The answer, as always, is that the gift is complete when the donor delivers money or valuable property to the charity or agent of the charity. The key understanding in this case is that an invalid check was never considered to be valuable property. Because the donor never delivered valuable property to the charity, there was no charitable gift. (In a sense, the future knowledge that the check would bounce is attributed back to its date of origin, meaning that at no point was the check ever valuable property.)

How then should a postdated check be treated? In this case, the postdated check is delivered to the charity’s agent (the United States Postal Service) on December 26. However, the check cannot be deposited prior to January 1, because it is postdated to that day. So when is the gift completed?

The critical piece of information in this scenario is to understand that a postdated check is considered a promise to pay money in the future. Unlike a normal check, which is immediately considered to be valuable property, a postdated check is considered to be only a promise to pay in the future. A promise to give money or property to a charity in the future does not constitute a deductible gift. Thus, the postdated check is not a completed gift when it is transferred to the charity or the charity’s agent. Once the date of the check arrives, however, it immediately becomes valuable property. If at that time it has been delivered to the charity or the charity’s agent, then the gift is complete.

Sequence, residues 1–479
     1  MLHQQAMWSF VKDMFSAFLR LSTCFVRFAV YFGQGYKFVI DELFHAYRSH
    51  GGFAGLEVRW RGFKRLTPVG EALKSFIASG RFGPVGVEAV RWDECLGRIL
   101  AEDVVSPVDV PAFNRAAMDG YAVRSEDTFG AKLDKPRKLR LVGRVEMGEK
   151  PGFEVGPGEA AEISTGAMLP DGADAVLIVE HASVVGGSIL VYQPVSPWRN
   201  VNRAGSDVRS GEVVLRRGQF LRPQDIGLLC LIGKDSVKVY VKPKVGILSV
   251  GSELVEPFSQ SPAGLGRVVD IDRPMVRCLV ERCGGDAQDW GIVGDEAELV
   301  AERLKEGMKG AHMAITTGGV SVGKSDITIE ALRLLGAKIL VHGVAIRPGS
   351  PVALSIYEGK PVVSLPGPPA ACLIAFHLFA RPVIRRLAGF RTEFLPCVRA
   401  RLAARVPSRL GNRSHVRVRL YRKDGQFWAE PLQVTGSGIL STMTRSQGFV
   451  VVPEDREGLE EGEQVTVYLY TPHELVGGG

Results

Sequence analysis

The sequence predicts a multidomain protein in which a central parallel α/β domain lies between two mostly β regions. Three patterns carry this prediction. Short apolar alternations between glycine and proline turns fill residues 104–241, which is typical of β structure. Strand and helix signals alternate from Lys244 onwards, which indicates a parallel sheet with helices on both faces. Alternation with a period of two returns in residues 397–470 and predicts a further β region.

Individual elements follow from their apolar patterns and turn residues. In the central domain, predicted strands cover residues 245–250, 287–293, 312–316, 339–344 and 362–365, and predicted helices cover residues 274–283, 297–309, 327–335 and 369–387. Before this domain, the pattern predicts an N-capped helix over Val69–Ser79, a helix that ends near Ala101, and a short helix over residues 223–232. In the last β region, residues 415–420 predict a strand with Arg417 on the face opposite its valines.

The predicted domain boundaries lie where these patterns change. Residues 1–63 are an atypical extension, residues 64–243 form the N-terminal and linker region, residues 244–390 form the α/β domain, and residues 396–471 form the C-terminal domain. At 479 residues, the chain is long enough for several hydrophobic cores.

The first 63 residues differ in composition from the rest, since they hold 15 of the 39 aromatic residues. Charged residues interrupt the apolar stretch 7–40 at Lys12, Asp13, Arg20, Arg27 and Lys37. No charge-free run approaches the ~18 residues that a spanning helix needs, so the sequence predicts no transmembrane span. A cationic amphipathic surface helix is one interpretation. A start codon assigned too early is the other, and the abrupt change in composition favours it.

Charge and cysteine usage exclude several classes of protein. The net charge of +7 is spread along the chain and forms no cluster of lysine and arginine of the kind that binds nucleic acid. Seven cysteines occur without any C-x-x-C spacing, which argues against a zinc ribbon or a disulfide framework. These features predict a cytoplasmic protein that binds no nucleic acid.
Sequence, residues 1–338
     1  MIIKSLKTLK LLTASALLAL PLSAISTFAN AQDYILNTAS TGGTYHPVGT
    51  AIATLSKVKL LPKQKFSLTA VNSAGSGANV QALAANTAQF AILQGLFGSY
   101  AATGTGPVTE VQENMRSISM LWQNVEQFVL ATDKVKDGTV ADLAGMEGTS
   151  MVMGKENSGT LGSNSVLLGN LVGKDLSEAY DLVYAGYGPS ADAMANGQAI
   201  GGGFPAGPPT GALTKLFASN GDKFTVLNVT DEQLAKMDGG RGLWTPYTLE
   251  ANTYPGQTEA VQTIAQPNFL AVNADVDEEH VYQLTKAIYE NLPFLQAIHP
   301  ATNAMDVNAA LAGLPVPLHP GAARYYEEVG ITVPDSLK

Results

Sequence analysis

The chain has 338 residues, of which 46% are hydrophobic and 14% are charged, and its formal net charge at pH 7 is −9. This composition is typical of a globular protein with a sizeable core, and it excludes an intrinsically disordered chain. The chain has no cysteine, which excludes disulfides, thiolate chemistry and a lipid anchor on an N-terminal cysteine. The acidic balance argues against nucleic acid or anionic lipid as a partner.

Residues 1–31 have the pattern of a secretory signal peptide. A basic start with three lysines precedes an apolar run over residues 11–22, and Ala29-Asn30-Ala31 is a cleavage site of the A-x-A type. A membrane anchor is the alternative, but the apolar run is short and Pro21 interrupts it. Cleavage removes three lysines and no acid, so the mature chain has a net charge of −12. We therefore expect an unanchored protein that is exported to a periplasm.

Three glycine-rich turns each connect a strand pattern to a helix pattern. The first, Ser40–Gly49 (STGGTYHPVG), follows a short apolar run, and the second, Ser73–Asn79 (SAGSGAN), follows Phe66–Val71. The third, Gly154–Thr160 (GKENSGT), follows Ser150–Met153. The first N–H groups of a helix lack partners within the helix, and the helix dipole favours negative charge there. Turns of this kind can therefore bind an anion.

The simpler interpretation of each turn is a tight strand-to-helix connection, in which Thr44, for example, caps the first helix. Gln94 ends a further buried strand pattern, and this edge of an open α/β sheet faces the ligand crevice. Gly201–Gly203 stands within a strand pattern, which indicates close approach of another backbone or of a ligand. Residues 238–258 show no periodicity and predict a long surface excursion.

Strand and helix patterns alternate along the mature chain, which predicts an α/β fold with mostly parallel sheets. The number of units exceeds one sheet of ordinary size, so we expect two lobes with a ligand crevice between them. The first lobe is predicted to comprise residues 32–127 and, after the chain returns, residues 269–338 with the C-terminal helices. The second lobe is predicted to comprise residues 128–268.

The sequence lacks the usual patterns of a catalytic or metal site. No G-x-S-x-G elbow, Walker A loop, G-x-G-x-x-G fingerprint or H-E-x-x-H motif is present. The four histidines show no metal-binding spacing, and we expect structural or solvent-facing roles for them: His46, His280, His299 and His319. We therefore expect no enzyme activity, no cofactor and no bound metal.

Thus, in this scenario, the gift is complete on January 1. That is the date on which the charity has received valuable property. On December 31, the charity did not have valuable property but instead had only a promise to pay. On January 1, the promise to pay was converted to a valuable negotiable instrument, and thus the gift was complete.

My book about this topic has more.


About the Author

Russell James, J.D., Ph.D., CFP®, is a professor in the Department of Personal Financial Planning at Texas Tech University. He directs the on-campus and online graduate program in Charitable Financial Planning. Additionally, he teaches Charitable Gift Planning at the Texas Tech University School of Law. He graduated, cum laude, from the University of Missouri School of Law where he was a member of the Missouri Law Review. While in law school he received the United Missouri Bank Award for Most Outstanding Work in Gift and Estate Taxation and Planning. He also holds a Ph.D. in consumer economics from the University of Missouri, where his dissertation was on charitable giving.